To this end, we’ll use one of MonkeyLearn’s public models, the Business Classifier, to assign a tag to each of the job postings (you’ll need a MonkeyLearn account). Public models are general-purpose models created by the MonkeyLearn team for common classification tasks, so you don’t have to build them from scratch.

How to Create an Employment Analytics Visualization in Less Than 10 Minutes

_Public Classifiers_

We will now use MonkeyLearn’s API to enrich our data using a small Python script, with the help of the pandas and requests libraries.

We’ll start by reading the contents of the CSV file into a pandas’ DataFrame:

import json
import pandas as pd
import requests

# Your API key goes here.
API_KEY = ''

raw_df = pd.read_csv('linkedin-sf.csv', encoding='utf-8', skiprows=1,

Next we keep only the columns we're interested in; namely: job title, description and location for each of the postings:

df = raw_df[['text_1', 'title_link/_text', 'snippet_text']]
df.columns = ['location', 'title', 'description']

Now we’ll build a list of the contents of each job posting, which will be sent to MonkeyLearn. We’ll be classifying in batches of 150 postings at a time in order to be more efficient:

content_df = list(df.title + ' ' + df.description)

categories = []
step = 150
for start in xrange(0, len(content_df), step):
    end = start + step

    response =
             'text_list': content_df[start:end]
            'Authorization': 'Token {}'.format(API_KEY),
            'Content-Type': 'application/json'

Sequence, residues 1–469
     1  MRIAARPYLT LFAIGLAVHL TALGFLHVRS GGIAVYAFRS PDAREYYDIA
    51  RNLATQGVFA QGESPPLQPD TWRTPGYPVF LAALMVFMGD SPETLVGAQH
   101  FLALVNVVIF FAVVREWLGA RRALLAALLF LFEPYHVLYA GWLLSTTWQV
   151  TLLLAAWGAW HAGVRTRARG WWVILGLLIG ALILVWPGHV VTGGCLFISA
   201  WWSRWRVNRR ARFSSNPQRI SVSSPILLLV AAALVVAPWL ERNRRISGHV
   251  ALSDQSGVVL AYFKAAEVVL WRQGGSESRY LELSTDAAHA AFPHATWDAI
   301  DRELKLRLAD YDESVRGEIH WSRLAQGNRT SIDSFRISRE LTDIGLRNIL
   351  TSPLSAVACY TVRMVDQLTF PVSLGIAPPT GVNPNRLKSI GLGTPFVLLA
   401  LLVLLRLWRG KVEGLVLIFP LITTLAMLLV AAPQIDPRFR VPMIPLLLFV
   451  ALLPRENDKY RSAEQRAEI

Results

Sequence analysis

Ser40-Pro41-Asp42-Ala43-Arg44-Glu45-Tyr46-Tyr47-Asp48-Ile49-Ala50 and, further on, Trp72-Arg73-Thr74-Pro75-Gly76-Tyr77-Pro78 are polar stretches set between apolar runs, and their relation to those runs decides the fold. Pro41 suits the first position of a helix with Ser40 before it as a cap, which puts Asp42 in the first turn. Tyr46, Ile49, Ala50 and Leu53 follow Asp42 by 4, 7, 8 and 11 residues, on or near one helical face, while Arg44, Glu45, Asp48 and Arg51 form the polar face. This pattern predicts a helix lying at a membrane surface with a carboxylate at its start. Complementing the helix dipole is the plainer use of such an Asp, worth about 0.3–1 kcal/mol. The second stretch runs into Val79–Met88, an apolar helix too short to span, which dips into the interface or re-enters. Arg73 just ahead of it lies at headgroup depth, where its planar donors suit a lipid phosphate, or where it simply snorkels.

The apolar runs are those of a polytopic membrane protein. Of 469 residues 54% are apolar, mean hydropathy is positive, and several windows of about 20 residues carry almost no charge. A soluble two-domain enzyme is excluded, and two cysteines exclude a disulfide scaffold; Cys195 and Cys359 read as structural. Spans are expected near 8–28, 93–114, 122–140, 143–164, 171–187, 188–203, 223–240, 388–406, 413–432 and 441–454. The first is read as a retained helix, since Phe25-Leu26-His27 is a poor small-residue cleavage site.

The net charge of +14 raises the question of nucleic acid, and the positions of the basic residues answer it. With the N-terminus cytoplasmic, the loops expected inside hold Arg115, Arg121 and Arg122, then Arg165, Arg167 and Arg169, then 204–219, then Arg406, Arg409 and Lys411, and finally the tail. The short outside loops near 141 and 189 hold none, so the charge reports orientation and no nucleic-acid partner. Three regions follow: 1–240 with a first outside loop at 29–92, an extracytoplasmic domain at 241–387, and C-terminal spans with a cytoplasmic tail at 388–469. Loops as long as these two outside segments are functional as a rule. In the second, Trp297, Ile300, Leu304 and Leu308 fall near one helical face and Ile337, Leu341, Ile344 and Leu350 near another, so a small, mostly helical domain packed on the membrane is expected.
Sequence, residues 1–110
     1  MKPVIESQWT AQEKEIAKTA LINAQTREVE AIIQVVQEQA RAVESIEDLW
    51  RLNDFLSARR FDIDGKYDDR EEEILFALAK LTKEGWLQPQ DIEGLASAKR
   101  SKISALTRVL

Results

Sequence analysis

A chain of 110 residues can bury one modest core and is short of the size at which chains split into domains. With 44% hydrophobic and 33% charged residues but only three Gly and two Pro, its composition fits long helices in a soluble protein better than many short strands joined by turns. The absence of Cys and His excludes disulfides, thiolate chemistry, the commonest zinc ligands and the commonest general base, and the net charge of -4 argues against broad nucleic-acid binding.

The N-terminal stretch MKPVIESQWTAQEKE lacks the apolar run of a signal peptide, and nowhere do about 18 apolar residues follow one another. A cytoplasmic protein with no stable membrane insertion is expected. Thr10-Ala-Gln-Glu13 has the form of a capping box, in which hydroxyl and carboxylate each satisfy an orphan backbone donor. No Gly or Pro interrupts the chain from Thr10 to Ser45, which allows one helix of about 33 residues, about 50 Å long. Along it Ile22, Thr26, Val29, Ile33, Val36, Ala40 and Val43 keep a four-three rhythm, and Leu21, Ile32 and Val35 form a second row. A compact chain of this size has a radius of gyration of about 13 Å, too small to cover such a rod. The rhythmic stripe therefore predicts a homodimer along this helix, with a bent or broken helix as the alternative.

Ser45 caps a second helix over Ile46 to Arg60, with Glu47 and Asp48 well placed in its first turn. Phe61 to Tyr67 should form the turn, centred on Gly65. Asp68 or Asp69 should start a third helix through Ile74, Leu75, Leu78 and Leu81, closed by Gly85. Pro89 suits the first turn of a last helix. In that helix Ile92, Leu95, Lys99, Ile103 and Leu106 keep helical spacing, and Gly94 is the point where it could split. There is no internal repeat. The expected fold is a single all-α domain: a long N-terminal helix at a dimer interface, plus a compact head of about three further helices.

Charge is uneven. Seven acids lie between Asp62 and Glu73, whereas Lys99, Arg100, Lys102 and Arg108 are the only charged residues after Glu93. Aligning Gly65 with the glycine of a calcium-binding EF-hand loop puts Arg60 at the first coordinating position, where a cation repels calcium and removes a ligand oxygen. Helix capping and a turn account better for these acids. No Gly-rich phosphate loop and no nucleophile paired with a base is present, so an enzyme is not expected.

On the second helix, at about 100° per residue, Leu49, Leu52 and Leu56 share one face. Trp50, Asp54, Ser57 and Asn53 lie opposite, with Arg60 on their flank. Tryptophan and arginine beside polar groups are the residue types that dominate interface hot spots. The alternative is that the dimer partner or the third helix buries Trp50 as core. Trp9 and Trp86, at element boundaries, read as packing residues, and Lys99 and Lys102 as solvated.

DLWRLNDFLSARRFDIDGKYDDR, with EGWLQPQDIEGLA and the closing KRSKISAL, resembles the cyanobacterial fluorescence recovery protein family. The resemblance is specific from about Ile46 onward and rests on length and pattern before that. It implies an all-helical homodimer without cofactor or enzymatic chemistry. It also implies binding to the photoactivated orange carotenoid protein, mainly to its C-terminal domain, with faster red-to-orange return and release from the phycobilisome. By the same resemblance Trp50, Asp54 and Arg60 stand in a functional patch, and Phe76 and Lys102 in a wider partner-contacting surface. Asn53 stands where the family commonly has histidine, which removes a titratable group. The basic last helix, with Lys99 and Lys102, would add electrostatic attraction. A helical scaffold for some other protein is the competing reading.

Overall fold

# We go through the results of the API call, storing the result on a list.
    for category in response['result']:

Notice how classifying is as simple as POSTing to MonkeyLearn’s API. Finally, we merge the classifications and write it into a file:

augmented_df = df.join(pd.DataFrame(categories, columns=['category']))
augmented_df.to_csv('linkedin-sf-aug.csv', encoding='utf-8', index=False, header=False)

You will need to set your own API key, which can be seen on MonkeyLearn’s web, on the “API” tab of the classifier:

We now have a file called linkedin-sf-aug.csv, consisting on the job title, job description, location, and tag. Time to move to the data analysis!

Step 3 - Visualizing the data with

Now that we’ve classified our text data, we can move on to the true analysis. For now, we will simply visualize it through the use of the plotting platform (again, you’ll need an account). From our workspace, we’ll upload the data we just produced by clicking on the import button and choosing to upload a file: